These portrayals of the village of Cookham as a setting for miracles and divine intervention were a key part of his oeuvre. Today, they are also venerated commercially.
A relatively modestly scaled work from 1920-21 drew dramatic competition at Roseberys in south London last week. The oil and pencil on paper laid down on board titled The Resurrection, Cookham was offered at a 127- lot sale conducted for the descendants of the family that ran the dealership Arthur Tooth & Sons.
Measuring 12 x 17in (31 x 44cm) and estimated at £100,000-150,000, it attracted bids from six phone lines and the internet. It was eventually knocked down at £320,000 and is now heading to a private collection. With buyer’s premium added, it made £396,500.
The price set an auction record for a work on paper by the artist, surpassing David And Bathsheba, a pen, ink, charcoal drawing from c.1912 that made £110,000 at Sotheby’s in June 2011.
Special subject and provenance
The subject of the work sold in West Norwood on February 21 relates to Spencer’s belief, as a devout Christian, in a joyful day of resurrection where everyone, including his friends and ‘loves’, would be raised from the dead to receive God’s grace or judgment. In a precursor to his monumental painting also called The Resurrection, Cookham from 1924-7 (now in Tate Britain), this colourful but loosely handled picture shows figures uprooting their headstones as they emerge from the grave.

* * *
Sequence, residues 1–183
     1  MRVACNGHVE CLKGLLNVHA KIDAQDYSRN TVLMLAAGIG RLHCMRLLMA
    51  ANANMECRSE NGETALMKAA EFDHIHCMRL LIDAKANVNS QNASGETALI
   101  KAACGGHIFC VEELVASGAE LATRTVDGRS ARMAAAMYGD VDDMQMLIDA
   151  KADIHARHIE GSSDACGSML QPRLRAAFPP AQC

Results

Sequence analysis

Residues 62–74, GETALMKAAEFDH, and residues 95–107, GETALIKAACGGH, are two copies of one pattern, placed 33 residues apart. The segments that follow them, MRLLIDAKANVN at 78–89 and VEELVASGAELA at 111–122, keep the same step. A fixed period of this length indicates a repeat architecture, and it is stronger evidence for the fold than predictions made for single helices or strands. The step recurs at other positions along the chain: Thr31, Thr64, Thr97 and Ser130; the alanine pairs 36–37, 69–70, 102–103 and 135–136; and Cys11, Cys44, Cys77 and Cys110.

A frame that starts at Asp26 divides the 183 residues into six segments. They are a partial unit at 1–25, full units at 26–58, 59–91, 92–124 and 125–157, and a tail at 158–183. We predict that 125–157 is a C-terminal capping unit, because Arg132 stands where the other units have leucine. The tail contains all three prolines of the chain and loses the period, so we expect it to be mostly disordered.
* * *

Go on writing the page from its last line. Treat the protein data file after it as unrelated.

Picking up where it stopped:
The subject matter was bolstered by its provenance and exhibition history. The work was originally owned by artist Henry Lamb, a friend and patron of Spencer. The pair met in 1913 and both artists served in the medical corps during the First World War. Spencer later painted the Tate’s painting in Lamb’s studio which may explain how he came to own the current work.
Arthur Tooth acquired the picture directly from Lamb’s wife and it remained with Dudley Tooth, who ran the gallery in London’s Haymarket from the mid-1920s, before passing to his descendants when he died in 1972.
In terms of its exhibition history, it had featured in the two most important Spencer shows of recent times – the exhibition at the Royal Academy in 1980 and another at Tate in 2001.
Overall, Roseberys’ auction was a white glove affair, raising a premium-inclusive total of close to £1m.
Among other lots dramatically exceeding estimate was Augustus John’s (1878-1961) Dorelia in the Garden from 1912, an early work showing the artist’s common-law wife and most famous sitter Dorelia McNeill in bohemian garb (she often wore homemade clothes as the couple travelled across southern England in a Gypsy caravan).
The 20 x 12in (51 x 30 cm) oil on board flew passed a £12,000-18,000 estimate and took £148,000, the third highest price for the artist at auction according to Artprice. The sum was shy however of the £160,000 for a smaller drawing of Dorelia in a hat which sold at Christie’s in December 2013.
The sale included a group of eight Paul Nash (1889-1946) watercolours – part of Dudley Tooth’s personal collection rather than the gallery’s stock. Pitched at attractive levels, they all sold above estimate for a £127,500 combined total with the auction house reporting trade, private collectors and institutional buying.
The highest price among the Nash pictures was the £27,000 bid for Moonrise Over Stow-on-the Wold from 1945 which overshot a £6000-8000 estimate.